In a YouGov poll 2011 35% of the total respondents were either very or fairly religious vs 63% who were not very religious or not religious at all, with the remaining 2% unsure.
The traditional religion in the United Kingdom is Christianity. In England the established church is the Church of England (Anglican). In Scotland, the Church of Scotland (a Presbyterian Church) is regarded as the 'national church' but there is not an established church.
In Wales there is no established church, with the Church in Wales having been disestablished in 1920. Likewise, in Ireland the Church of Ireland was disestablished in 1871. In Northern Ireland and similarly in parts of Scotland, there is a sectarian divide between Roman Catholic and Protestant communities.
The table below shows data regarding religion for the 2001 and 2011 censuses:
|Religion not stated||4,528,323||7.17%|
|(No religion and Religion not stated)||13,626,299||23.18%||20,749,832||32.84%|
In the 2011 Census, rather than select one of the specified religions offered on the Census form, many people chose to write in their own religion. Some of these religions were reassigned to one of the main religions offered. In England and Wales, 241,000 people belonged to religious groups which did not fall into any of the main religions. The largest of these were Pagans (57,000) and Spiritualists (39,000). The census also recorded 177,000 people stating their religion as Jedi Knight. These returns were classified as "No religion", along with Atheist, Agnostic, Heathen and those who ticked "Other" but did not write in any religion.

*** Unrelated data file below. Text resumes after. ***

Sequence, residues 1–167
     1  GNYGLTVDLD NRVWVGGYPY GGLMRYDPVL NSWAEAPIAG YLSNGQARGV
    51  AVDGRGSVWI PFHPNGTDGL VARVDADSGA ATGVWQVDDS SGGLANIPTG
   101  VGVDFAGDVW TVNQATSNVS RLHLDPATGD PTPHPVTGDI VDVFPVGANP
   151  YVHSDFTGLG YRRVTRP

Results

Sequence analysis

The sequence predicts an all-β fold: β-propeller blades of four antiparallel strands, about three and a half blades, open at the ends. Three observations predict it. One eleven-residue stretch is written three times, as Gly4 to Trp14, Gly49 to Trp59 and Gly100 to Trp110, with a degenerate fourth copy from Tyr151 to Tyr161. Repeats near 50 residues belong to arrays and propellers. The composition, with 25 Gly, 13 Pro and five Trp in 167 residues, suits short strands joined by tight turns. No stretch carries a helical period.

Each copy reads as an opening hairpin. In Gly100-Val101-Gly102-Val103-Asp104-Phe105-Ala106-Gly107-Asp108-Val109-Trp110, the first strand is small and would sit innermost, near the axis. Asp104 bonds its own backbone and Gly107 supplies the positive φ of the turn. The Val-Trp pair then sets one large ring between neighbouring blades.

The United Kingdom's de facto official language is English which is spoken as a first language by 95% of the population. Six regional languages; Scots, Ulster-Scots, Welsh, Cornish, Irish and Scottish Gaelic are protected under the European Charter for Regional or Minority Languages. Abilities in these languages (other than Cornish) for those aged three and above were recorded in the UK census 2011 as follows.
|Understands but does not speak, read or write||157,792||5.15%||23,357||0.46%||267,412||5.22%||70,501||4.06%||92,040||5.30%|
|Speaks, reads and writes||430,717||14.06%||32,191||0.63%||1,225,622||23.95%||71,996||4.15%||17,228||0.99%|
|Speaks but does not read or write||80,429||2.63%||18,966||0.37%||179,295||3.50%||24,677||1.42%||10,265||0.59%|
|Speaks and reads but does not write||45,524||1.49%||6,218||0.12%||132,709||2.59%||7,414||0.43%||7,801||0.45%|